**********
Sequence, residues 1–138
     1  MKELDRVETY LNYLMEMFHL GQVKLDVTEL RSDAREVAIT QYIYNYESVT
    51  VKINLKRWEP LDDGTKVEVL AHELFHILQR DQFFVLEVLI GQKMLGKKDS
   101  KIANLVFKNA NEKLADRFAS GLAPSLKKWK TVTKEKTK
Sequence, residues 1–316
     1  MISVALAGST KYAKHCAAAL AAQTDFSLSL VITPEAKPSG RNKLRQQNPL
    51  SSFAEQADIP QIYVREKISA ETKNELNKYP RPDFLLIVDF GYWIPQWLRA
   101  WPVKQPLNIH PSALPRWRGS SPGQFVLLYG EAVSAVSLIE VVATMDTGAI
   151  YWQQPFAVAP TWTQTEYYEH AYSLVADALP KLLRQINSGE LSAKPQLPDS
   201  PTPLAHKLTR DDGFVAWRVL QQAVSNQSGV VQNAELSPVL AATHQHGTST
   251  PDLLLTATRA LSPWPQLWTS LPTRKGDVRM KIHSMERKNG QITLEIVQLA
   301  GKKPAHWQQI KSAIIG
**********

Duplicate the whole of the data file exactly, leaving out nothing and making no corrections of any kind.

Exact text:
Sequence, residues 1–138
     1  MKELDRVETY LNYLMEMFHL GQVKLDVTEL RSDAREVAIT QYIYNYESVT
    51  VKINLKRWEP LDDGTKVEVL AHELFHILQR DQFFVLEVLI GQKMLGKKDS
   101  KIANLVFKNA NEKLADRFAS GLAPSLKKWK TVTKEKTK
Sequence, residues 1–316
     1  MISVALAGST KYAKHCAAAL AAQTDFSLSL VITPEAKPSG RNKLRQQNPL
    51  SSFAEQADIP QIYVREKISA ETKNELNKYP RPDFLLIVDF GYWIPQWLRA
   101  WPVKQPLNIH PSALPRWRGS SPGQFVLLYG EAVSAVSLIE VVATMDTGAI
   151  YWQQPFAVAP TWTQTEYYEH AYSLVADALP KLLRQINSGE LSAKPQLPDS
   201  PTPLAHKLTR DDGFVAWRVL QQAVSNQSGV VQNAELSPVL AATHQHGTST
   251  PDLLLTATRA LSPWPQLWTS LPTRKGDVRM KIHSMERKNG QITLEIVQLA
   301  GKKPAHWQQI KSAIIG